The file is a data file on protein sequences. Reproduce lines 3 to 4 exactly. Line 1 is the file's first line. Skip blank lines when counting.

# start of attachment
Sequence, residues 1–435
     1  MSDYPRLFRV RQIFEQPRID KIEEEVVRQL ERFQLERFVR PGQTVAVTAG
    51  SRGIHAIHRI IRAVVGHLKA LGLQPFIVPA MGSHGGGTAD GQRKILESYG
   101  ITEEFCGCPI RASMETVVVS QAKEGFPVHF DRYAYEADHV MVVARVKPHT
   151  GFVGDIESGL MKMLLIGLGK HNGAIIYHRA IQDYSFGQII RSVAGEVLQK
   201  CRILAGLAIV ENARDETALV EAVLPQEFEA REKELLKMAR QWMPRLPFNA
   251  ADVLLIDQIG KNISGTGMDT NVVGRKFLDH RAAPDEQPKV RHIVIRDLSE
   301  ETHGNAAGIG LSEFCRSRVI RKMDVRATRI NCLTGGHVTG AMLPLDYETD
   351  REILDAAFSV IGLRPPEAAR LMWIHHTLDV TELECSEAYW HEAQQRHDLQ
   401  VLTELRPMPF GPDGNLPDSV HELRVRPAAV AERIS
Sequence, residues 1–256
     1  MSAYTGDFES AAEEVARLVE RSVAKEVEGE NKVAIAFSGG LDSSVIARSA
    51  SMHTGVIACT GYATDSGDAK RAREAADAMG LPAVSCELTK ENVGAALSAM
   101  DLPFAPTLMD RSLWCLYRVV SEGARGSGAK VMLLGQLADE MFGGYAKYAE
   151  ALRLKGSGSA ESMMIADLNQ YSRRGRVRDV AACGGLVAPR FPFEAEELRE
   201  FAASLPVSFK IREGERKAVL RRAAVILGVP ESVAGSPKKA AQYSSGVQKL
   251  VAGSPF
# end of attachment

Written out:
    51  SRGIHAIHRI IRAVVGHLKA LGLQPFIVPA MGSHGGGTAD GQRKILESYG
   101  ITEEFCGCPI RASMETVVVS QAKEGFPVHF DRYAYEADHV MVVARVKPHT